Students wary, hopeful, on return to site of school shooting

  • Volunteers hang banners around the perimeter of Marjory Stoneman High School in Parkland, Fla., to welcome back students who will be returning to school Wednesday two weeks after the mass shooting that killed 17 students and staff. AP Photo

  • FILE - In this Feb. 19, 2018 file photo, Nikolas Cruz, accused of murdering 17 people in the Florida high school shooting, appears in court for a status hearing in Fort Lauderdale, Fla. Cruz reportedly had a history of shooting small animals. While some animal welfare advocates question the usefulness of animal abuser registries, laws creating them have been passed in a growing number of municipalities in recent years with proponents citing studies linking animal cruelty to crimes ranging from domestic violence to mass shootings. (Mike Stocker/South Florida Sun-Sentinel via AP, Pool, File) Mike Stocker

  • Coconut Creek Police Officer Michael Leonard speaks before the Broward County Commission meeting in Fort Lauderdale on Tuesday, Feb. 27, 2018, after it was proclaimed that February 27 is Officer Michael Leonard and Coconut Creek Police Department Appreciation Day. Officer Leonard stopped Marjory Stoneman Douglas High gunman Nikolas Cruz. (Amy Beth Bennett/South Florida Sun-Sentinel via AP) Amy Beth Bennett

Associated Press
Wednesday, February 28, 2018

PARKLAND, Fla. — The walkway leading onto the campus of Marjory Stoneman Douglas High School is lined with flowers and photographs, memorials to the 17 students and teachers killed in a Valentine’s Day massacre that forever altered their lives and thrust them into the center of the nation’s gun debate.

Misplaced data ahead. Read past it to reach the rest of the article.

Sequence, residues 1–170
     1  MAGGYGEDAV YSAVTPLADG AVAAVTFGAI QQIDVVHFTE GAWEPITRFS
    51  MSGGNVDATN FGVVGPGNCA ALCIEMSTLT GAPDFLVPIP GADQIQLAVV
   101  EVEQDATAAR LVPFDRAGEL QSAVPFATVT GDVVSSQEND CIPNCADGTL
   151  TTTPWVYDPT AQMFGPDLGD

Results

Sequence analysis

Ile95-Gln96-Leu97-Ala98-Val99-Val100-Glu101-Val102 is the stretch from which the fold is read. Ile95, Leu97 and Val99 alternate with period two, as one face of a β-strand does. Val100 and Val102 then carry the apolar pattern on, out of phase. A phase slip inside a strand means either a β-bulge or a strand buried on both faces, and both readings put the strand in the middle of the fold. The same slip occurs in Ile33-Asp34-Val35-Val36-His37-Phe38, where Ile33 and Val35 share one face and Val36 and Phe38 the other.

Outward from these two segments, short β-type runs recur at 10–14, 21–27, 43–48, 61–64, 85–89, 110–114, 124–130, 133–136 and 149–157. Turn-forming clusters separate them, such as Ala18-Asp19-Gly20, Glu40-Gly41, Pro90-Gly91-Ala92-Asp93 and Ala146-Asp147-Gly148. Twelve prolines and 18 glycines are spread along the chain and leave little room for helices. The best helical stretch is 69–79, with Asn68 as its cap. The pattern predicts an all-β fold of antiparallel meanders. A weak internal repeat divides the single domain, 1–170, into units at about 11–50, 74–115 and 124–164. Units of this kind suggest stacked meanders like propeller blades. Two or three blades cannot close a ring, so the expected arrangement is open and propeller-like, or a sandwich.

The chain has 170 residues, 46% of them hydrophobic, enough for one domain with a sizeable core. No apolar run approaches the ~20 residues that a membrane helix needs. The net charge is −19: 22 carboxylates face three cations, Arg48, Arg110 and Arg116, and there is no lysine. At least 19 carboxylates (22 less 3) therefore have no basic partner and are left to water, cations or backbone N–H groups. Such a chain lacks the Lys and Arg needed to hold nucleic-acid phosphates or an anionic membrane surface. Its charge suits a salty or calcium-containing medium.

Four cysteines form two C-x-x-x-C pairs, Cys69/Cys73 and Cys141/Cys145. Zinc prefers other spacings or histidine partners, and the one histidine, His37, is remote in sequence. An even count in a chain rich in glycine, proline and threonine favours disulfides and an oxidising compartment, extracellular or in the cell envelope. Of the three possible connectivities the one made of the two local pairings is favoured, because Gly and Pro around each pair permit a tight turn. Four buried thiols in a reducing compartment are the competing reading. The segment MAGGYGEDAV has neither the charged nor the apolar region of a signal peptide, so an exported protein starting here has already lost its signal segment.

Alexis Grogan, a 15-year-old sophomore, planned to wear a Stoneman Douglas color — maroon — on the first day back to class Wednesday, plus sneakers that say “MSD Strong, be positive, be passionate, be proud to be an eagle” and “2/14/18” in honor of those who died.

She feels nervous, like it might be too soon to go on as usual without slain friends like Luke Hoyer, who sat two seats behind her in Spanish. Still, the support from her fellow students, and their fight to strengthen gun control laws have buoyed her spirits.

“I am so proud of how the kids at my school have been fighting because we all want change to happen and, as we see the progression, it really shows us that people do care and they do hear what we have to say,” Grogan said in a text message.

The Douglas students return to school after a whirlwind of political activism that has reignited the nation’s gun and school-safety debate. Douglas sophomore Charlotte Dixon said some of her friends are having a hard time returning to classes. But like Grogan, they are encouraged by the attention to gun laws their actions have brought.

“I’m so glad that people are stepping forward and talking about it keeping it relevant ... because it shouldn’t happen to anyone ever again,” Dixon said.

On Tuesday, relatives of the Stoneman Douglas victims kept up the pressure in Florida’s capital with emotional testimony during a legislative hearing to discuss passing a bill that would, among other things, raise the age limit to buy long guns from 18 to 21. The bill also would create a program that allows teachers who receive law-enforcement training and are deputized by the local sheriff’s office to carry concealed weapons in the classroom, if also approved by the school district. The school’s superintendent has spoken out firmly against that measure.

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